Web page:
Friday 18 February 2005

Watered by the tears I cry....

This is the first in an irregular series of appreciations of the obscurer songs residing on my Ipod.

Angelica (Weil / Mann) - Scott Walker

Regular readers will probably know all about my love affair with Scott Walker. In my opinion there has never been a singer that comes near (perhaps Jeff Buckley, but compared to Scott Walker he was a bit showy for my taste). He has the most gorgeous, honeyed bass baritone and an air of tremendous melancholy. Scott Walker could make a trip to the supermarket sound like the cause of great torment and existential anguish (which, now I think about it, sounds about right).

Scott Walker became famous as a member of the Walker Brothers - who I suppose you might say were one of the boy bands of their era. They were enormously successful and sold millions of records worldwide and had hits like "The Sun Ain't Gonna Shine Anymore" and the glorious "Make It Easy On Yourself". They were huge; they had screaming fans and everything. At the height of it all, troubled by the fame and adulation, Scott couldn't take anymore and disappeared. When he re-emerged, it turned out that he had taken solace in a monastery (and apparently he still wears the key around his neck, probably just underneath his hair shirt).

When the Walker Brothers broke up, Scott went solo and released a string of solo albums (Scott, Scott II, Scott III and Scott IV). The albums contained a mix of original compositions and covers (mainly songs by Jacques Brel). This certainly wasn't traditional chart fodder: the songs dealt with loneliness, death, alienation. The success of the Walker Brothers and the continuing popularity of Scott as a sex symbol and his regular appearance on TV (he hosted his own show for a while) led to the happy abberration that intially these albums charted highly - "Scott" was a number one album. In the end people cottoned on that he was by now recording work of a challenging and uncommercial nature, and by the time "Scott IV" was released, it failed to chart at all, which is a shame, as it is comfortably the best of the quartet - featuring as it does "The Seventh Seal", a song about playing chess with the devil....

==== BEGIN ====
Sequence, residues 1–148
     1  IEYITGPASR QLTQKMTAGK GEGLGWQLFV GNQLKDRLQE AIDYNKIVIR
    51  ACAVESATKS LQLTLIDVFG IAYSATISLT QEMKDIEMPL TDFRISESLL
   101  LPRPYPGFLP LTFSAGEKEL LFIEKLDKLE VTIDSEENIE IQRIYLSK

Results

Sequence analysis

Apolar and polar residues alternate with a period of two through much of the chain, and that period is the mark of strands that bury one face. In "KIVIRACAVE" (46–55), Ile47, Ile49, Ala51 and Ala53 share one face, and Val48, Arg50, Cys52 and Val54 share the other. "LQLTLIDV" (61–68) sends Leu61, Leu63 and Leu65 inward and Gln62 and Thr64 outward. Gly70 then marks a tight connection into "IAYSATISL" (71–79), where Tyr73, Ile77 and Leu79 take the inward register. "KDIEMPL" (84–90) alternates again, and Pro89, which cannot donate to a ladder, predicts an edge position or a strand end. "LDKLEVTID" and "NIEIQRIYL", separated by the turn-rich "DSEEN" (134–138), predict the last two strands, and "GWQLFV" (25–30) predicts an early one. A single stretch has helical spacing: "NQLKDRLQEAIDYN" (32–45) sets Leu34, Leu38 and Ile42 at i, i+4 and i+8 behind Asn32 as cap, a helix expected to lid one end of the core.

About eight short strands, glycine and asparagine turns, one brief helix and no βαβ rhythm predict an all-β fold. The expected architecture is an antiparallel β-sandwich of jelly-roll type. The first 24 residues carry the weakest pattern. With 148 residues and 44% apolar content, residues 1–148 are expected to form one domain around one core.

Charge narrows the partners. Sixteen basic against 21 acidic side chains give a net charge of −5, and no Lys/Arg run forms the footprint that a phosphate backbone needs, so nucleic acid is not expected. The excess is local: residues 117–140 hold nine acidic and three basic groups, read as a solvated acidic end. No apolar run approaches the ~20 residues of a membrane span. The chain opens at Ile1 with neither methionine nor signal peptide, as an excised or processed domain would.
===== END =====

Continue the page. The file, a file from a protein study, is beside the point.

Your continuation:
Walker slowly withdrew from public view, with album releases becoming rarer and rarer. His last album ("Tilt") was released in 1995, and the album before that ("Climate of the Hunter") was released in 1984. I suppose this means that he's about due, and he's apparently in the recording studio now....

This particular song is taken from "Scott", his first solo album after the end of the Walker Brothers in 1967. It is a cover version of a song by Weil / Mann, and I have chosen it because it is the most ridiculously lachrymose song I think I have ever heard. It even starts with a bit of funereal organ, just before the lush orchestration kicks in. Just check out the lyrics and then imagine the song being sung in that majestic baritone....

Each night I meant to say
I missed her through the day
But I'd forget it
I never said it

I passed the flower shop
Lord knows I meant to stop
But I said tomorrow
Perhaps tomorrow

Tomorrow there'd be time
There'd always be another spring
Time to make her laughter ring
Time to give her everything

Angelica, my Angelica
There's so much you never knew
So much I always meant to say
And do, for you, for you

And then the cold winds came
And when I spoke her name
And felt her near me
She couldn't hear me

Her shadow had been cast
Too many springs had passed
For Angelica
Sweet Angelica

Now in my solitude
I tend the flowers that I buy
As they slowly fade and die
Watered by the tears I cry

for my Angelica, my Angelica
There's so much you never knew
So much I always meant to say
And do, for you, for you

It's so overblown, it could almost be a parody of the tearful ballad, but I love it.

Now please excuse me, I have to go and have a good cry.

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